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European Kingdoms

Early Cultures


Trialetian Industry (Mesolithic) (South Caucasus)
c.11,000 - 7600 BC

The Upper Palaeolithic and Upper Mesolithic Epigravettian culture was one which emerged in Southern Europe shortly before the Solutrean was succeeded across much of the north by the Magdalenian culture. To its west was the Azilian, with these all forming some of the last of Europe's Palaeolithic cultures.

On the Eastern European fringe of these advances there appeared a number of more or less contemporaneous Epi-Palaeolithic and early Mesolithic cultures. This mainly took place in the steppe zone across the northern Black Sea region. Each was somewhat limited in terms of territory (perhaps the first time such varied localisation had appeared), but each used similar chipped-stone forms of industry, and each emerged by transforming local Epigravettian complexes.

In the Caucasus mountain range a group of similar cultures emerged around the same time. Perhaps influenced in part by the Epigravettian, they were also more heavily influenced from the Near East. The Baradostian culture was a forebear, while the Levant's Natufian and Pre-Pottery Neolithic A cultures were contemporaries.

In the past, archaeological cultures were usually identified not on the basis of clearly defined typological characteristics, but often by intuition. In this way, most of the Upper Palaeolithic and Mesolithic cultures of the Caucasus were originally identified: the Black Sea, Chokh, Gubs, Imereti, and Trialetian (the latter largely in eastern Georgia, while the western Georgian Kobuleti is not included in this group).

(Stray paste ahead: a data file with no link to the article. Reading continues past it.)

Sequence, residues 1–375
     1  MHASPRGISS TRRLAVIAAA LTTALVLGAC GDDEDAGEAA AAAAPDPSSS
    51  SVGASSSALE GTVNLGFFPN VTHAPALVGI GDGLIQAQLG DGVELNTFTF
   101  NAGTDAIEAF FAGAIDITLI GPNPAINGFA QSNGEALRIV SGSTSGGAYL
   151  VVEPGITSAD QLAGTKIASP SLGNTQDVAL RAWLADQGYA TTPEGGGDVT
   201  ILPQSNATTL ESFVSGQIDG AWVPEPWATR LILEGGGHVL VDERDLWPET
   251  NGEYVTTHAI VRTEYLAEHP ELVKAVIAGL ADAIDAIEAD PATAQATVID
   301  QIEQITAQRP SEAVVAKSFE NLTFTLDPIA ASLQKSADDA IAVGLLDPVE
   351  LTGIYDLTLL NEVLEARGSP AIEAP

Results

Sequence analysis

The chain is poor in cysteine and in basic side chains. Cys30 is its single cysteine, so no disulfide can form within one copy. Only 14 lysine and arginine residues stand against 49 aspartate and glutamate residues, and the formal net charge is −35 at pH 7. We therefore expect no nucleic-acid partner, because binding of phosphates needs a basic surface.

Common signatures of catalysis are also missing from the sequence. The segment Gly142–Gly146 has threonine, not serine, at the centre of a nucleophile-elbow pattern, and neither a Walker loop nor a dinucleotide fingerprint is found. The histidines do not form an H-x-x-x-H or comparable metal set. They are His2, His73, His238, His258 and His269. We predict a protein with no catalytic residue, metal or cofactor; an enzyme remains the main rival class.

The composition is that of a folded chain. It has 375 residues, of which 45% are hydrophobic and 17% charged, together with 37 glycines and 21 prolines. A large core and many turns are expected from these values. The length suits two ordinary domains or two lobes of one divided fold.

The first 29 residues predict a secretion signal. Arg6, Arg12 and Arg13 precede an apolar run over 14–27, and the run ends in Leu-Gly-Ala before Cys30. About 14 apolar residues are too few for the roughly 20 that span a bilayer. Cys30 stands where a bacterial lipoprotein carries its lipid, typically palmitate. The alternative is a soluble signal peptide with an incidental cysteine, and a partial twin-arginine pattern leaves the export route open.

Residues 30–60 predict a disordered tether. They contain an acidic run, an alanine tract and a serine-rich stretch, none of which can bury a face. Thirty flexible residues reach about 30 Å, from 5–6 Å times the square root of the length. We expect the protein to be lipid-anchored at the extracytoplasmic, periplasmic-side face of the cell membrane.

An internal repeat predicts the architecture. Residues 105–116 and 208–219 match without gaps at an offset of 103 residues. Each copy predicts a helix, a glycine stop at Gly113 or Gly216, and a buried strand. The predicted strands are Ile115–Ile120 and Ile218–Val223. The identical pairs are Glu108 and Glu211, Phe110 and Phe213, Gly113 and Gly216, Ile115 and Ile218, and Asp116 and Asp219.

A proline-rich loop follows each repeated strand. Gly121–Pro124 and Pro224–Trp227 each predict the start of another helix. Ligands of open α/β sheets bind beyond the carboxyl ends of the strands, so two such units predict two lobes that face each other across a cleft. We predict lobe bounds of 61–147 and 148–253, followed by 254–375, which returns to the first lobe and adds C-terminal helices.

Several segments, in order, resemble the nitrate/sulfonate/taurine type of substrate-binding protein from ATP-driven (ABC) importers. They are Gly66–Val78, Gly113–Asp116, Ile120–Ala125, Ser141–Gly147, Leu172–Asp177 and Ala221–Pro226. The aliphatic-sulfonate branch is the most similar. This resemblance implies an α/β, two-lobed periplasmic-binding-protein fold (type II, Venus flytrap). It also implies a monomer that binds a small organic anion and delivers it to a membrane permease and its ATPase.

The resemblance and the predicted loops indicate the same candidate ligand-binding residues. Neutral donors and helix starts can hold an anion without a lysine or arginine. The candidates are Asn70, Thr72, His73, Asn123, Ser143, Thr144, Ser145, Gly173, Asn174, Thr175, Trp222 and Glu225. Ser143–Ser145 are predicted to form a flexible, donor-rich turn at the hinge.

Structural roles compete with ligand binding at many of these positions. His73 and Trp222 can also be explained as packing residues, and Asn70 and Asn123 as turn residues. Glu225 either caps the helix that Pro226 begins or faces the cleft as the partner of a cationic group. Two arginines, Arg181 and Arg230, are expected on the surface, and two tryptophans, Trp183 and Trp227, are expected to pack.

The Trialetian is probably the best known of these, although its dating is uncertain. Often the start is given as about 10,500 BC or 11,000 BC, but an alternative of 14,000 BC has also been posited. However, it is not fully supported as a culture in its own right, and a competing claim for a Trialeti culture at a different key site in the same region further muddied the waters.

Instead the term 'Trialetian' has more often been used as an umbrella for all five of these South Caucasus cultures. However, even that umbrella usage is not particularly supported in the twenty-first century, so the Trialetian is included here only as a placeholder or a very localised culture.

This and the other aforementioned South Caucasus cultures witnessed Upper Palaeolithic foragers enter the Mesolithic, where they were met by the arrival from the south of a farming economy which gradually took hold. Collectively these cultures covered the north-eastern Pontic area, extending to the northern foreland steppe, and covering the Trans-Caspian region, eastern Anatolia, and the Iranian plateau.

Both Kotias Klde, a karstik cave above the River Kvirila in western Georgia, and the Darkvety rock shelter have been assigned to the Trialetian tradition. The lithic industry in Kotias Klde is relatively homogeneous both in terms of types and technology, with comparable industries being found in distant southern territories, in particular at Ali Tepe in the Elbruz region of Iran, and the proto-Neolithic site of Hallan Çemi in south-eastern Anatolia, part of the Pre-Pottery Neolithic A culture.

While a chronology is difficult to establish for the Trialetian, it seems that comparable lithic elements appear first at Ali Tepe (roughly between 10,500-8870 BC), and then slightly later at Hallan Çemi (roughly 8600-7600 BC).

Mesolithic stone tools